Instead of tearing into your antenna tomorrow, take the day off. It
appears that you have the AEA VIA Analyst set to 75 ohm reference
instead of 50 ohms. Your plots show a resistance of about 43 ohms and
and SWR of 1.7. This would be correct if the reference was 75 ohms. (A
case of too many available options?)
Nice plots from that instrument. For fun I tried to see how closely
EZNEC would match your data. I got R of 46 ohms at 1.79 MHz using
average ground, (pastoral/heavy clay, .005s/m, diel=13), pretty close.
If I change the ground to something a little better (flat marshy,
densely wooded, .0075 s/m, diel=12), I get 43 ohms, exactly what you
Robert Chudek wrote:
>Here's the follow-up on my dead AEA SWR-121 I reported a few weeks ago. This
>unit was the original model sold by AEA about 15 years ago. Apparently it
>reached its EOL (end-of-life). The repair charges were going to be excessive
>so I traded this old unit in for their new VIA Analyst
>Here's a very quick review of my experiences using this analyzer during the
>last few days.
>The new 66-page user manual (on CD) is written for real-life amateur radio
>"issues", i.e., tuning HF antennas, cutting 1/4 or 1/2 matching lines,
>measuring coax attenuation, etc. I bought the full package which includes
>software for the PC, the interface cable, traveling case, etc.
>The manual cautions the user about taking readings in high RF environments.
>Indeed, the unit was useless at the qth of Lou, AC0X. He lives about a mile
>from 50 kW AM 1500 and has never been able to use any brand of analyzer on his
>HF antennas. Fortunately, I live in the sticks and don't have this problem.
>Here's the first task I put the unit to work on.
>I wanted to tune my 160-meter inverted vee antenna to 1.830 MHz. The apex is
>at 70 feet with one leg dropping down to 40 feet and the other leg dropping
>down to 15 feet. The wire is 14 ga hard drawn copper with a thick Teflon
>jacket. From the formula I ended up with 255.74 feet. I added a couple of feet
>for good measure so I started with 258 feet total.
>I ran the analyzer and saw a VSWR minimum at 1.750 MHz. I did a little more
>math and calculated that 10 feet would need to be trimmed to move the antenna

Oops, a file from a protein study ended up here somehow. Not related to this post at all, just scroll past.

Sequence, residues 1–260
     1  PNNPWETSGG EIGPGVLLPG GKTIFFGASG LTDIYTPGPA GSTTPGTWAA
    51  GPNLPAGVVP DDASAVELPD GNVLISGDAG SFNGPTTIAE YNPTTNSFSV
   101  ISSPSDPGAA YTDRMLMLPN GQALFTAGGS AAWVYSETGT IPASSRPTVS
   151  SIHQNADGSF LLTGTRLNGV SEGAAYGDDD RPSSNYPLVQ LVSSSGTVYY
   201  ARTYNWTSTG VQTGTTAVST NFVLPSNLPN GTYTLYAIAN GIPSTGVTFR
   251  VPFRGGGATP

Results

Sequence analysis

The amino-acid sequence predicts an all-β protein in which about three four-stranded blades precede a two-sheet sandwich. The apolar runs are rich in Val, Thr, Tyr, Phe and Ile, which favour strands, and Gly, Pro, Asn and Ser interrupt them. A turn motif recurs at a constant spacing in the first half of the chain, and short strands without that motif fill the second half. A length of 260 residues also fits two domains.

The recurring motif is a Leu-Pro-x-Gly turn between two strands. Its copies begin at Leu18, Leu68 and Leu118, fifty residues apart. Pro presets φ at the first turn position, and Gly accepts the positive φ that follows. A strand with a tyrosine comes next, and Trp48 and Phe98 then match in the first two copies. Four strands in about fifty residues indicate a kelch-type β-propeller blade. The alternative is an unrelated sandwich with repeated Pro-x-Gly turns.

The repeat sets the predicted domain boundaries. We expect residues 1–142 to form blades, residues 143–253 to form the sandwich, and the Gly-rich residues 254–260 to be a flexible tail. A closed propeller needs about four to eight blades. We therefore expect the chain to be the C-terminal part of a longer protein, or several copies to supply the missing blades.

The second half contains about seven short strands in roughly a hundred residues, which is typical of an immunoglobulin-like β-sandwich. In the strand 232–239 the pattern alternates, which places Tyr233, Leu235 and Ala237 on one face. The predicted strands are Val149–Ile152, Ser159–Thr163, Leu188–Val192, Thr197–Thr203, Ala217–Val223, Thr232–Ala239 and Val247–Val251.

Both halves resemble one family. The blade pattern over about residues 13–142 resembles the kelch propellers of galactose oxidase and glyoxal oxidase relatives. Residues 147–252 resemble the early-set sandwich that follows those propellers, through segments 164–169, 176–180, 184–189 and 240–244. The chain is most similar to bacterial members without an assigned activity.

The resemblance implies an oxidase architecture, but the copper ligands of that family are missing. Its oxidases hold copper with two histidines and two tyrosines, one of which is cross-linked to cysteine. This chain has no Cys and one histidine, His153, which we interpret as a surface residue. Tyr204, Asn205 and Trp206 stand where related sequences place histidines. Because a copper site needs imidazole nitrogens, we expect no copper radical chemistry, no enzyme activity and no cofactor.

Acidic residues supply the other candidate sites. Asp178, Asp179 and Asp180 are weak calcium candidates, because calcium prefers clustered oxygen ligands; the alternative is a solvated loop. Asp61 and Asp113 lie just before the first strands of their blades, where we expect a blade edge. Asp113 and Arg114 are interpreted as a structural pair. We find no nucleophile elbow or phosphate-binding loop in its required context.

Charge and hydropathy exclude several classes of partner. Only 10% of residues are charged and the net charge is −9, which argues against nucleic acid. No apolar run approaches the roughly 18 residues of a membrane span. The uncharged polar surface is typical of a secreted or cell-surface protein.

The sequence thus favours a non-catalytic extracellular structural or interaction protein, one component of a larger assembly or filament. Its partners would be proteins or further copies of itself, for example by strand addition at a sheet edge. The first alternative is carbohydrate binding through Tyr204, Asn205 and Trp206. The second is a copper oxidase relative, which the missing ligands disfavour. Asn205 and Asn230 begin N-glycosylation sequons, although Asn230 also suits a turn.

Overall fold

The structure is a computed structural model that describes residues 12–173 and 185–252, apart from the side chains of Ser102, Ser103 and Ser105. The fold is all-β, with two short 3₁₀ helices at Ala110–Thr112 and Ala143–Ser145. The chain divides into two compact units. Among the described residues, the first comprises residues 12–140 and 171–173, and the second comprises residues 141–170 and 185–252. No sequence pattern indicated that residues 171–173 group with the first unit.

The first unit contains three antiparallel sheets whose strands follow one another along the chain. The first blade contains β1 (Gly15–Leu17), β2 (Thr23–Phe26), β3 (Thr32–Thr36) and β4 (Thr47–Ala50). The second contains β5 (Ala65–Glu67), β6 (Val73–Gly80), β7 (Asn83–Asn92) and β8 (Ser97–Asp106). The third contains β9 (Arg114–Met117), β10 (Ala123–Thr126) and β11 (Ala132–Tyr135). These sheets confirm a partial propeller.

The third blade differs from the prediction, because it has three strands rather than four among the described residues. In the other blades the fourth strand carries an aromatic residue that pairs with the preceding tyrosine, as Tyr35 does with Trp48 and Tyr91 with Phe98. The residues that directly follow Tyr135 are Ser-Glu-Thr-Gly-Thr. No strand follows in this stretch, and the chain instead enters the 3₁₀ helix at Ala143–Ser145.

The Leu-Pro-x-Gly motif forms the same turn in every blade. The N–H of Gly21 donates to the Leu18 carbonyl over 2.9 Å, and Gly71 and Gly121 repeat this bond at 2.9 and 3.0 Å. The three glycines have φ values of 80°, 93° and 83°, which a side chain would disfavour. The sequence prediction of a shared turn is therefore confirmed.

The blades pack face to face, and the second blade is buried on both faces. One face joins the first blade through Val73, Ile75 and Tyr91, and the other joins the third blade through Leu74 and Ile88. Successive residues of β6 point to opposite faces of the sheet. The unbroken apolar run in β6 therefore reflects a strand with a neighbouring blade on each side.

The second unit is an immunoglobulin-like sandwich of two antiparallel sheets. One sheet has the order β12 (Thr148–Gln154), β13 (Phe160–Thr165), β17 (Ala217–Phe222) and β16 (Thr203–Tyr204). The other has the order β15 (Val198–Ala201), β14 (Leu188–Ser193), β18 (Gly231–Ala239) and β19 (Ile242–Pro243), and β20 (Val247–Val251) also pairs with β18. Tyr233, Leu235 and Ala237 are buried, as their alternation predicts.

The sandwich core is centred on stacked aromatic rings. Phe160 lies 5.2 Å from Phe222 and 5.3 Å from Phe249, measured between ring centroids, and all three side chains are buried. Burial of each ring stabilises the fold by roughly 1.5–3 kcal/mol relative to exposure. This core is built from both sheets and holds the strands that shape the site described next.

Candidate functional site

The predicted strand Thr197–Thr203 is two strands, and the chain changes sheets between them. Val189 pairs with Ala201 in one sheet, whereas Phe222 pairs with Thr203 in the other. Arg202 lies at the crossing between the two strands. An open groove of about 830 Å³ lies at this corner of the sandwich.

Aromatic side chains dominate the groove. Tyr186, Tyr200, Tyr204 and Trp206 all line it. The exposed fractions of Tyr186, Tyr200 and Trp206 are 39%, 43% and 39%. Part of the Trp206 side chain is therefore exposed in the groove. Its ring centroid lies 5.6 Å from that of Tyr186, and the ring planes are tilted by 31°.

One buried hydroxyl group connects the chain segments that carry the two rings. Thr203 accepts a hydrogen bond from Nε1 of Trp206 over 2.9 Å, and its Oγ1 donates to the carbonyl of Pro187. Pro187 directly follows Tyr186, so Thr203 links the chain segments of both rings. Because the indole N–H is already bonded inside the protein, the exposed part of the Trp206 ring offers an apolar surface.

>to 1.830 MHz. I dropped one end, trimmed 5 feet, pulled it back up, and
>decided to see what effect this had. The Analyzer showed the VSWR minimum
>moved up 38 KHz to 1.788 MHz. Trimming 5 feet from the second leg moved the
>antenna to 1.830 MHz, right to the target frequency!
>I have posted PDF's of the charts at http://chudek.aberon.net in the AEA VIA
>Analyst Charts folder. Here you will find VSWR (long) for the first scan. All
>the other charts were created after the final 5 foot trim. You will find
>charts for VSWR, Impedance, Phase Angle, Reactance, Resistance, Return Loss,
>and a Smith Chart.
>Here's the question for the reflector.
>My next challenge is to determine why the minimum VSWR isn't closer to 1.0:1.
>It drops to 1.69:1 (RL= -11.8 dB) at best. Maybe someone with a little more
>experience in antenna matching can "see" the problem when viewing the graphs.
>I do see both the antenna reactance and phase angle make a sharp swing from
>negative to positive at 1.800 MHz. Beyond this, I haven't worked with Smith
>Charts in 20+ years!
>My immediate method will be the shotgun approach... remove the balun and see
>what changes... swap out the coax to see what changes... cut a 1/2 wavelength
>of coax for 1.830 MHz to get a true feedpoint measurement...
>Here's a little info on my purchase.
>At $695 retail, the AEA VIA Analyst is a pricey piece of test equipment but
>could be a good investment for a club or group of antenna enthusiasts.
>I am not a representative, have no monetary interest, or make any financial
>gain from AEA Technology. As a matter of fact, I will let you know the first
>unit I received from them was DOA... But their customer support was great. All
>I needed to do was provide a tracking number and they cross shipped a
>replacement unit the next day. The second unit worked perfect when it arrived.
>IMO, this would be a great product for a QST product review.
>73 de Bob - K0RC
>See: http://www.mscomputer.com for "Self Supporting Towers", "Wireless
>Weather Stations", and lot's more. Call Toll Free, 1-800-333-9041 with any
>questions and ask for Sherman, W2FLA.
>TowerTalk mailing list
See: http://www.mscomputer.com for "Self Supporting Towers", "Wireless Weather
Stations", and lot's more. Call Toll Free, 1-800-333-9041 with any questions
and ask for Sherman, W2FLA.
TowerTalk mailing list